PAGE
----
Books by people who make books


013) The Fault in Our Stars by John Green, finished February 12

My students have been requesting a John Green parody from me for years.

This is not a John Green parody.

Props to John Green though, pulling a Stephen King and turning an ultraboring name into a major brand.

i dunno three weeks maybe more maybe less


012) Jedi Academy by Jeffrey Brown, finished February 5

I'm so happy for Jeffrey Brown. He deserves to get the attention these Star Wars books are bringing. I hope parents are checking out his other work.

Incidentally, this volume is charming, but the other ones are hilariouser.
about a week


011) The Other Typist by Suzanne Rindell, finished January 27

I wish I could have read this book for the second time first. Like, say, Turn of the Screw, I imagine the real pleasure of this book will be in analyzing the quality of the pov's narration from the vantage point of knowing how it all turns out. But it's way too long to just read over and over again, and I'm not sure it's good enough to justify the effort. (Though, srsly, props to the author for cranking this out while simultaneouly working on her dissertation.)

We're in the 1920s. It's a Prohibition tale starring two typists at a New York police precinct, one of whom runs a speakeasy. It seems to be about the casual sociopathy bred into the very rich, but that (and other seeming "points") are undermined by the "twist" at the end. Scarequotes because, cmon, it's hardly a surprise and indeed I doubt Rindell intended it to be. The problem isn't the confusion, but that the last chapter goes beyond asking how unreliable our narrator is to undermining the novel entire. Fortunately, the poorly designated "Epilogue" does a good job of redeeming the bulk of the text from the occasional but frequent missteps in the previous chapter. Then there's another attempt to twist in the final two paragraphs.

In other words, we have a pretty darn good debut novel that worries it hasn't been trying hard enough and slips all over the ice at the close.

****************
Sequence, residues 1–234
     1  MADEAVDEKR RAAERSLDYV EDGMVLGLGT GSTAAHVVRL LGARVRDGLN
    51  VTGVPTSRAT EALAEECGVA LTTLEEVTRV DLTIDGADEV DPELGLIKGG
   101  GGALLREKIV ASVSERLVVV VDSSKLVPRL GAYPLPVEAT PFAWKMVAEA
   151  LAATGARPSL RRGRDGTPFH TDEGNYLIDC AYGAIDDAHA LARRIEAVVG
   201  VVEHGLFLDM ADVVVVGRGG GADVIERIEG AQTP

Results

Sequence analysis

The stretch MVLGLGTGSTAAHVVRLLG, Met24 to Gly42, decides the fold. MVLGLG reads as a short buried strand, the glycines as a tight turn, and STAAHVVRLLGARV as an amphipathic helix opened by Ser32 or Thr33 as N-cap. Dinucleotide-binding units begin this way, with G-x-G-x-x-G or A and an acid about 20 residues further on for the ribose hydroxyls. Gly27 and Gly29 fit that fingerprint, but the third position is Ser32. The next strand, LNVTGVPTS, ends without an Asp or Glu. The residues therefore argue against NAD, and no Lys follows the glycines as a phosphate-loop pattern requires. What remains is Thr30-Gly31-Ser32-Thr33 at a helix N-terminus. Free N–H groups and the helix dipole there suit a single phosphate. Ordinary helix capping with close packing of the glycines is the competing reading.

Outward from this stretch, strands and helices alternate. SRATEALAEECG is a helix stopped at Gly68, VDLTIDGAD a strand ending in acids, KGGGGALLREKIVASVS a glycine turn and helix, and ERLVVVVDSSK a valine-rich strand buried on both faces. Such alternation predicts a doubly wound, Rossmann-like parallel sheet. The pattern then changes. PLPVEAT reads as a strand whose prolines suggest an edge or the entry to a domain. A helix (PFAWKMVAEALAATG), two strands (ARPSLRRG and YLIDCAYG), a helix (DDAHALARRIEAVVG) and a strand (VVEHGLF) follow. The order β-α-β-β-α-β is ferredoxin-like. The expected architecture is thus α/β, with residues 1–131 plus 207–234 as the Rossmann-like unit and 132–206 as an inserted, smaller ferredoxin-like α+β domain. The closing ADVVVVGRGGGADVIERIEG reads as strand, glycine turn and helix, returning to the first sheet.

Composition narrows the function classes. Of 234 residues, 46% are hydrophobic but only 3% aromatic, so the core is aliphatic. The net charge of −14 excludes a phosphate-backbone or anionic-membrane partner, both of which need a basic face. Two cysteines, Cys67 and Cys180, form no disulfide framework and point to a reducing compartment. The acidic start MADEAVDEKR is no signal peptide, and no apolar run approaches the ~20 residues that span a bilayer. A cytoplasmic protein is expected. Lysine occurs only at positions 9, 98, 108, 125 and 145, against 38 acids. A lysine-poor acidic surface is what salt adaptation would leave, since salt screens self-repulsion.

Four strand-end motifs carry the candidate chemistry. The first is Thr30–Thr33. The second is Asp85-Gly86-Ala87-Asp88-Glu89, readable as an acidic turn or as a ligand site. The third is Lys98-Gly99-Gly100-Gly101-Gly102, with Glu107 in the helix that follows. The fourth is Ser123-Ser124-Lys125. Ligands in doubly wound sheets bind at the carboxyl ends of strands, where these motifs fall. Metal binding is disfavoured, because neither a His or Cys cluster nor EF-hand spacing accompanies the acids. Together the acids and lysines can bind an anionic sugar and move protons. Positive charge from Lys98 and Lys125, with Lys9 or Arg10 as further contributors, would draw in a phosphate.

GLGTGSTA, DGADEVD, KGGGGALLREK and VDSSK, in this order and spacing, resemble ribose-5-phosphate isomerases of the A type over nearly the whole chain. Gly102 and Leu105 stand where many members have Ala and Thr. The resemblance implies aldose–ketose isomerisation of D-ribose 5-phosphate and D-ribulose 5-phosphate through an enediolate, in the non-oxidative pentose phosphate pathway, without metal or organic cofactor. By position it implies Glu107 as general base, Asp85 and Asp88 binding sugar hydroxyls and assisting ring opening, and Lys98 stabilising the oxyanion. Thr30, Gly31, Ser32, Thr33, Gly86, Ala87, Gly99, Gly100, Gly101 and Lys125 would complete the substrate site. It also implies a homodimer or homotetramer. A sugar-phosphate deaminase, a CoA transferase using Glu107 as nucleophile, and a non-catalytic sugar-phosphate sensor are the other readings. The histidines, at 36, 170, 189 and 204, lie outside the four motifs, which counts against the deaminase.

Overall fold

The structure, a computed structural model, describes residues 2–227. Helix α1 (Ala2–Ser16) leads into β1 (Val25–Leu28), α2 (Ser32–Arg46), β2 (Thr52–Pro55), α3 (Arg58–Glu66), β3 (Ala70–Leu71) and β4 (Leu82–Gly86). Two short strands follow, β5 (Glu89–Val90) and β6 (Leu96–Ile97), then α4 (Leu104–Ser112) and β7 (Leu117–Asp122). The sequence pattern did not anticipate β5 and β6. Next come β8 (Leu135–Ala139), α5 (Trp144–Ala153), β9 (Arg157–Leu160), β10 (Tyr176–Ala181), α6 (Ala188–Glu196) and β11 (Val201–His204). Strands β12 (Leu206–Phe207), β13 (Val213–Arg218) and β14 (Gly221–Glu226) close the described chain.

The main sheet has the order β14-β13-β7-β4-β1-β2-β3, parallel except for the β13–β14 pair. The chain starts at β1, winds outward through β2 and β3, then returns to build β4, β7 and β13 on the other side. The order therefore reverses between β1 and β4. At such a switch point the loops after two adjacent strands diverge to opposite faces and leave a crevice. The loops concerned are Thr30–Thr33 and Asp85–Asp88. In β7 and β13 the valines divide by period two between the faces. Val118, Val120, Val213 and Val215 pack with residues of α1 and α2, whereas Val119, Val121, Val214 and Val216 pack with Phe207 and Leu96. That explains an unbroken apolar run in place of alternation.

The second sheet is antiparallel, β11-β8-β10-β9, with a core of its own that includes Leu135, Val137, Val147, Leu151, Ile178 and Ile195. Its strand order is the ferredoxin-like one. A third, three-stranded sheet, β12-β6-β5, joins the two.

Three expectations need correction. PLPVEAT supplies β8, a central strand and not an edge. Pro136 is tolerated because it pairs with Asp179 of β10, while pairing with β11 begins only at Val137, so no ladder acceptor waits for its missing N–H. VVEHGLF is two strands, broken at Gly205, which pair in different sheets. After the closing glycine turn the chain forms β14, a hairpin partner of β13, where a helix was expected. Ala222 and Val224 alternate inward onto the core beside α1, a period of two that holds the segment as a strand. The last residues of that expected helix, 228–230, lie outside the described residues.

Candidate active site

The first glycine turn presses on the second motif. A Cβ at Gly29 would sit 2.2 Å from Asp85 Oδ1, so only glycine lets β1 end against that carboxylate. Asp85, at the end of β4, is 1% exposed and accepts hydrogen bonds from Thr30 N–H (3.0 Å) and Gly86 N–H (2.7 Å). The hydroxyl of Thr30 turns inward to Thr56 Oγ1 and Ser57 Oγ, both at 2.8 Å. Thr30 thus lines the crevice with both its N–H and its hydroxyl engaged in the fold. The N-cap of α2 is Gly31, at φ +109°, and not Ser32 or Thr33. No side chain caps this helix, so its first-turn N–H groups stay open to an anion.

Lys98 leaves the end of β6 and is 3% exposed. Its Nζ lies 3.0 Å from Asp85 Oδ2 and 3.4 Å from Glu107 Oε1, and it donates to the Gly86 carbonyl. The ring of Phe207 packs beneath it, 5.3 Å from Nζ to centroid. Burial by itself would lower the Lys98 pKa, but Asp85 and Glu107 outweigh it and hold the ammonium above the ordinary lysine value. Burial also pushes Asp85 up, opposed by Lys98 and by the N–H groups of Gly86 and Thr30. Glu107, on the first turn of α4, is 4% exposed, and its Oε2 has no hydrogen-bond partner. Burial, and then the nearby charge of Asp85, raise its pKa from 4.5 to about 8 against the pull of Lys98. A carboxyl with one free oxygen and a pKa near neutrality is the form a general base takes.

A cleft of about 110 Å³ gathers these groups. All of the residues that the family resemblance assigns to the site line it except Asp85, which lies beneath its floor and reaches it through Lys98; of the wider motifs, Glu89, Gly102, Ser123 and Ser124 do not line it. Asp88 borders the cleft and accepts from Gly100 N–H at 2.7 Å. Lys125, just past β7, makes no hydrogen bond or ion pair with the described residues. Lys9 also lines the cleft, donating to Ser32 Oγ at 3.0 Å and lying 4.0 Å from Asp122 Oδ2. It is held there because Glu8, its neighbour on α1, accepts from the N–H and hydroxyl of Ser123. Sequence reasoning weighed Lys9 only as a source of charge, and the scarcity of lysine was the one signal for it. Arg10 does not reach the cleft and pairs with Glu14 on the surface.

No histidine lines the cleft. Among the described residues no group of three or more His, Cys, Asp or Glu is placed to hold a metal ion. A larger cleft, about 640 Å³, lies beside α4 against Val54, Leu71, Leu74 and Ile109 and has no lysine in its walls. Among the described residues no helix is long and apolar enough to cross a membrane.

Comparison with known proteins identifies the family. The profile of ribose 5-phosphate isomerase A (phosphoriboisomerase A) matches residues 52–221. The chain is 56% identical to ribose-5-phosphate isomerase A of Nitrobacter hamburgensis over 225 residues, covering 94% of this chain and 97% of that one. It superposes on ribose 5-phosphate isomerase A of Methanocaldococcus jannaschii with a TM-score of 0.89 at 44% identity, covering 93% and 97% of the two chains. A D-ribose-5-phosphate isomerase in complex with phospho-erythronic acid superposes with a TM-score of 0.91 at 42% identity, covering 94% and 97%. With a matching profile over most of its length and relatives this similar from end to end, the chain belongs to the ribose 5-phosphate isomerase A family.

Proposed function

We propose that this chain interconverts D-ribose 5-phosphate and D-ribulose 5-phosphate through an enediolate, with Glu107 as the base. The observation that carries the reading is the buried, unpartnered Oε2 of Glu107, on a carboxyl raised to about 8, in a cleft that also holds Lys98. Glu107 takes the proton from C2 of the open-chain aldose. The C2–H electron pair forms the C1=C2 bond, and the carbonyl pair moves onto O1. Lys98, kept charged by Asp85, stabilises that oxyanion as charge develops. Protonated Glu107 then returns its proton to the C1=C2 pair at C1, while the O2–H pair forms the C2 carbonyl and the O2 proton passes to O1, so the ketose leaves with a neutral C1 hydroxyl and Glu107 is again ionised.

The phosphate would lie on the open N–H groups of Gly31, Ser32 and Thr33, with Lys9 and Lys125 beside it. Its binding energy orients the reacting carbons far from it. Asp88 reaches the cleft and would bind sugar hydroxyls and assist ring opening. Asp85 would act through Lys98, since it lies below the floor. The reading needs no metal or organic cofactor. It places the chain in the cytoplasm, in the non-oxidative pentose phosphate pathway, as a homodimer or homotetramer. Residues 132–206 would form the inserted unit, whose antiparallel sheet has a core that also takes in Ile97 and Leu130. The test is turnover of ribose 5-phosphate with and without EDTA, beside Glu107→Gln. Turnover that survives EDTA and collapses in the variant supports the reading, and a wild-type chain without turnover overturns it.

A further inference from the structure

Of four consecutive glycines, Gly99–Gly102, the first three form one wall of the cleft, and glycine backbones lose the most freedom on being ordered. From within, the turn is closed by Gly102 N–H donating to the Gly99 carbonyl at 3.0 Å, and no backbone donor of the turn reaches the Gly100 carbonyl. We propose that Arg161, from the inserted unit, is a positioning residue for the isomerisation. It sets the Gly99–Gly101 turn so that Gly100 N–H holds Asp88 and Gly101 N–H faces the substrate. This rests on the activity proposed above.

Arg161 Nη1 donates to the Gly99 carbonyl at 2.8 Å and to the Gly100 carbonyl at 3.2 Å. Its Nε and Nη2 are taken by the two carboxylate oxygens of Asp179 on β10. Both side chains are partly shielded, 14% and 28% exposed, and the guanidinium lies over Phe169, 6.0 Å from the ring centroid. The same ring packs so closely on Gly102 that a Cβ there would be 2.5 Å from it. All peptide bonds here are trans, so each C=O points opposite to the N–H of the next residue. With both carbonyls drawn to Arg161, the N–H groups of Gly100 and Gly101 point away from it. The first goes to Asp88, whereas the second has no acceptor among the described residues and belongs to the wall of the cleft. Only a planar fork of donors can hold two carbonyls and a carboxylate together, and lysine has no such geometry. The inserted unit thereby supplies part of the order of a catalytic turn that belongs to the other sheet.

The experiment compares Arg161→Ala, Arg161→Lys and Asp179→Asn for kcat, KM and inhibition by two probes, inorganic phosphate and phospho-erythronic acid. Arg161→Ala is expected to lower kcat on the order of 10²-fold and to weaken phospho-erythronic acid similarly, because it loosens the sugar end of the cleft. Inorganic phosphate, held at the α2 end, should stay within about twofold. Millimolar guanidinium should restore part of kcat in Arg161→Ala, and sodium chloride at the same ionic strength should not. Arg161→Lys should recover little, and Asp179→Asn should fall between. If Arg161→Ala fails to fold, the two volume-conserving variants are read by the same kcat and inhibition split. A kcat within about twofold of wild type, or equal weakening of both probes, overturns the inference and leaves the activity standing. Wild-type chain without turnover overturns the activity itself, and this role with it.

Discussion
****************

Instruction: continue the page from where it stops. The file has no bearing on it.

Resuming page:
So if you like the sound of women during Prohibition written in a vintage voice and just the right amount of description of clothes and dancing and a weekend at Gatsby-lite's place on the sound, you're going to love this book. If not, just remember the author's name for next time.
over a week


010) The Complete Peanuts 1987-1988 by Charles M. Schulz, finished January 25

I think 1987 must be the funniest year yet. And 1988 was none to shabby either. The assault-weapons gag was certainly fresh and topical.

I also liked Garry Trudeau's humble introduction. It's certainly one of the better ones.

Upsettingly, I'm pretty sure the next volume is the one I wanted to write the intro for. Alas, I did not become famous quickly enough.
just under a month

Previously in 2014 . . . . :

Books 6 - 9
009) Heat by Mike Lupica, finished January 22
008) Happy Birthday, Bad Kitty by Nick Bruel, finished January 21
007) Impasse by Kohl Glass (story by Jason Conforto), finished January 16
006) Sweet Tooth by Ian McEwan, finished January 16

Books 1 - 5
005) The Man Who Grew His Beard by Olivier Schrauwen, finished January 12
004) Pokémon Black and White, Vol. 1 by Hidenori Kusaka and Satoshi Yamamoto, finished January 10
003) Friends with Boys by Faith Erin Hick, finished January 7
002) The Drop by Michael Connelly, finished January 7
001) The Rejection Collection, Vol. 2 edited by Matthew Diffee, finished January 6

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